“{A company} studied those results while developing the Barnett Shale near Fort Worth, the first modern fracking play. The company relied on research from the Sandia National Laboratory to use micro-seismic technology to map the shale fractures in wells, and . . . also benefited from federal tax credits for unconventional drilling, which helped underwrite the cost of developing hydraulic fracturing.
     “{The Houston oilman who actually developed most of the fracking technology} was annoyed that Obama seemed to give the government most of the credit, without mentioning {the private company} that unleashed a new era of American energy and created the jobs Obama touted.
     “It's one thing to note that federal research programs helped unlock fracking technology. It's quite another to {claim} unqualified federal support for energy development programs. . . The government's role in fracking's development was important, but not so important that it eclipses the effort and investment of private industry. . . (Ref. 4)

     Yes, Uncle Sam put up a few dollars in support of developing the fracking technology, but private industry put up billions of dollars in investment, many decades of technological development and the actual sweat and brainpower that has now made America energy independent. President Obama should have been thanking the American oil and gas industry, not the federal government, for eliminating our energy dependence upon foreign and often unfriendly suppliers of oil and gas! Our know-it-all Obamacare advocate and an unabashed believer in big government didn’t bother to look beyond the quick sound bites and flash headlines. He was quick to applaud the government, which did little to make the fracking technology practical, while excoriating American industry for being despoilers of the environment and unfairly benefitting from the government’s (extremely meager) investment. According to him, all the financial rewards from fracking belong to the government. The truth is that the government did not, and could not, make fracking practical. Altogether too many Americans today fit into this same mold. Their know-nothing mantra, supported by an entitlement attitude that has been developed over the past few decades is: I don’t care about the underlying facts or ultimate consequences. I’ve got mine, the hell with everybody else!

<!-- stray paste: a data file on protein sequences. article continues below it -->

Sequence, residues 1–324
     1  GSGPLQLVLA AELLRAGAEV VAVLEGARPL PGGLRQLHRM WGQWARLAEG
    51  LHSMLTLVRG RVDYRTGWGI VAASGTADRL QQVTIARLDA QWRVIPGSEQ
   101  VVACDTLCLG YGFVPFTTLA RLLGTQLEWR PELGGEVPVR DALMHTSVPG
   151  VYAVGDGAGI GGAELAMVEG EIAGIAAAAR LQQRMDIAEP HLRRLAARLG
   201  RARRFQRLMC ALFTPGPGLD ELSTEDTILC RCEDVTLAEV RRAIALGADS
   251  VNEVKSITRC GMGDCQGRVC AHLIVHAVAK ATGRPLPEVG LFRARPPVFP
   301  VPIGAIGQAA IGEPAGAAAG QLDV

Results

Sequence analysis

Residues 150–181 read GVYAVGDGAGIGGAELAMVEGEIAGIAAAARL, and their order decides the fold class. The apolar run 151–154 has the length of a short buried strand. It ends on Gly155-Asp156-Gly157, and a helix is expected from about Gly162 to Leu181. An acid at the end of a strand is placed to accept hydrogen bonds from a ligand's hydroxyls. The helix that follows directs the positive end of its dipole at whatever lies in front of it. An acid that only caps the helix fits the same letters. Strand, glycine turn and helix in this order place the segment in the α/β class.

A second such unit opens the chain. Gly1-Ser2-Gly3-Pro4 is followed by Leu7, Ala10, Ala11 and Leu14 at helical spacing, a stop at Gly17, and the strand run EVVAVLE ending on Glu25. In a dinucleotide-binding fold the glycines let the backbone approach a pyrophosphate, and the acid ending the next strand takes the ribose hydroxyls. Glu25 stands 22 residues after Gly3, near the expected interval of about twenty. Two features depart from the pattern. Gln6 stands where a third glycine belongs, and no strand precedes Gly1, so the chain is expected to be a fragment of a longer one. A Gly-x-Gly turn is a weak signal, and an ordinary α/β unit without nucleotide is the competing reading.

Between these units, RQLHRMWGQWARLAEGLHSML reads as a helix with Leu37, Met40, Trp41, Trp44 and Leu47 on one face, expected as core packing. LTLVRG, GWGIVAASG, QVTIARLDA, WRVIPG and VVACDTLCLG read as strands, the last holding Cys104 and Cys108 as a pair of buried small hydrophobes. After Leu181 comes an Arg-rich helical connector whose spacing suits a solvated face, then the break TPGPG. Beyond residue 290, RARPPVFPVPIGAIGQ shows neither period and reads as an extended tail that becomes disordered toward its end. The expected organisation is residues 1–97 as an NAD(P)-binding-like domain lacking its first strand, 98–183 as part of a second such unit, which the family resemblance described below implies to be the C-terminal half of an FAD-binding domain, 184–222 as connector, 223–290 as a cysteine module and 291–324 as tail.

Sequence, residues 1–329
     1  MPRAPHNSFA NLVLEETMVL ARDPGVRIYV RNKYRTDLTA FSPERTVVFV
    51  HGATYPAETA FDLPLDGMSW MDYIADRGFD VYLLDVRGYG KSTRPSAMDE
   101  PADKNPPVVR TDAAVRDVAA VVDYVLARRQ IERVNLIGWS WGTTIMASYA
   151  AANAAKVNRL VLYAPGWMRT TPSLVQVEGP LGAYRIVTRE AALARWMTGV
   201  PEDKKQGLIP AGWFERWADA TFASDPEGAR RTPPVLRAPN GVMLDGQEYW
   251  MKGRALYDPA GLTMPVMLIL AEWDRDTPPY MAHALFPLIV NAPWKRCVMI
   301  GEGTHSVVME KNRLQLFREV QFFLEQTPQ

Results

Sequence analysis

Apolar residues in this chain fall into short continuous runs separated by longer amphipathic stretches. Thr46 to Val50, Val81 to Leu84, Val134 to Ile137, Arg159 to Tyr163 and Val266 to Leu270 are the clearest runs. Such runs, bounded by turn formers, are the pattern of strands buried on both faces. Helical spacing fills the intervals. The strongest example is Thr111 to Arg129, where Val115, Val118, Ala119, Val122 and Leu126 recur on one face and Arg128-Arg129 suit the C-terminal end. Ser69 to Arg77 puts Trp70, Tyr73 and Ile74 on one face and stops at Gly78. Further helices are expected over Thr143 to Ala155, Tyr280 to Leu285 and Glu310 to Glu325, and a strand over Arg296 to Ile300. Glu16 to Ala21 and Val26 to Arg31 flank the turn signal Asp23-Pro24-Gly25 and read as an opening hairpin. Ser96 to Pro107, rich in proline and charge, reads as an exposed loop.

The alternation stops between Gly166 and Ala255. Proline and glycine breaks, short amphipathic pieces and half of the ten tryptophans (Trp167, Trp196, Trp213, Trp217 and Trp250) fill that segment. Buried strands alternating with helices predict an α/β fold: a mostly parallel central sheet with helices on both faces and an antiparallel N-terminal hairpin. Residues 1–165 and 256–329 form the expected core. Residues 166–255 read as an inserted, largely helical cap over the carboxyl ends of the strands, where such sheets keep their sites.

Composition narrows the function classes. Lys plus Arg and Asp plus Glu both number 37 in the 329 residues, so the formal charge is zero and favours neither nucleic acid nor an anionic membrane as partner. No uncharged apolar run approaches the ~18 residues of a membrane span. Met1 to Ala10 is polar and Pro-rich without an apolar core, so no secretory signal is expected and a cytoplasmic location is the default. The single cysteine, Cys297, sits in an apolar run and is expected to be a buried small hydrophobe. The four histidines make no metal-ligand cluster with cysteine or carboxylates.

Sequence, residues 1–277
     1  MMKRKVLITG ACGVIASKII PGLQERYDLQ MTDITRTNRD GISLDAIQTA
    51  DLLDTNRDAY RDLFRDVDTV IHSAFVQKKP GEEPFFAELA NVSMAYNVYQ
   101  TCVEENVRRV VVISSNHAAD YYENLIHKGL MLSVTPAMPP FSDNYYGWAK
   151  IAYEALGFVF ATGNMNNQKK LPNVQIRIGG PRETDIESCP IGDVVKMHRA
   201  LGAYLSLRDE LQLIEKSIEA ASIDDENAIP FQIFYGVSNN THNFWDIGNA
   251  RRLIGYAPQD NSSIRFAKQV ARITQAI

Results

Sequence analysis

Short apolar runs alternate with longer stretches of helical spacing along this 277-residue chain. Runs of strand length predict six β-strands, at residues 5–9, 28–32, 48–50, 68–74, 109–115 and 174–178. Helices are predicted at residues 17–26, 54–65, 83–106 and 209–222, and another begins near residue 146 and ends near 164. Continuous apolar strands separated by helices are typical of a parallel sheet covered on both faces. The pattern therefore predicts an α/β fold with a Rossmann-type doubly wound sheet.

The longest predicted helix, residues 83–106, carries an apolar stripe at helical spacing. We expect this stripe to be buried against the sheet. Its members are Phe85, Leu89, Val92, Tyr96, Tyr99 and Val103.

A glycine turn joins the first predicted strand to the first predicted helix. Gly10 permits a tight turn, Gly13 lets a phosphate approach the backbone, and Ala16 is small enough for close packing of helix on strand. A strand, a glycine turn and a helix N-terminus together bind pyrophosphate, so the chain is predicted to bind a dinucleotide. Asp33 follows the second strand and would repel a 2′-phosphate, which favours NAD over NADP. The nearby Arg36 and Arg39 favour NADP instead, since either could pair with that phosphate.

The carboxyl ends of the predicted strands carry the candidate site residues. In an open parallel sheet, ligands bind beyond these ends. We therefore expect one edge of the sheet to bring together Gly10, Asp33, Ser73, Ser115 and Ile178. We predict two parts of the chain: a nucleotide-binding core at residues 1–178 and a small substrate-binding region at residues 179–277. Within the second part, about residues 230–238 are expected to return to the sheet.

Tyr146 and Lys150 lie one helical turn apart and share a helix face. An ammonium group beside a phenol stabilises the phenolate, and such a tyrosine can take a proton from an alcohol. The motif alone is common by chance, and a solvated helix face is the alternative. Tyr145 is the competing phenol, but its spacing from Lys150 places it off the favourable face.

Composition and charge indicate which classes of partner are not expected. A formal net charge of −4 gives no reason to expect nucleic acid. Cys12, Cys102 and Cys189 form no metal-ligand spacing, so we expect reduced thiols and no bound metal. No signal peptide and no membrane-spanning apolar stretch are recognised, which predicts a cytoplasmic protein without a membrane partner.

1. Remember the Deficit?, Fortune, Page 13, 1 November 2017.
  2. Analysis: Fight to save health care bill likely lost cause for GOP, Kimberly Atkins, Boston Herald, Page 10,
    15 March 2017.
  3. Better than the Status Quo, Senate Health Care Bill Still Misses Major Opportunities, Edmund Haislmaier,
    Robert Moffit, Robert Rector and Marie Fishpaw, The Heritage Foundation, 26 June 2017.
  4. How Much Did The Feds Really Help With Fracking?, Loren Steffy, Forbes, 31 October 2013.
  5. The Fracking Truth on Government’s Role in Natural Gas Production, Nicolas Loris, The Daily Signal,
    31 January 2012.

  23 November 2017 {Article 312; Suggestions?_07}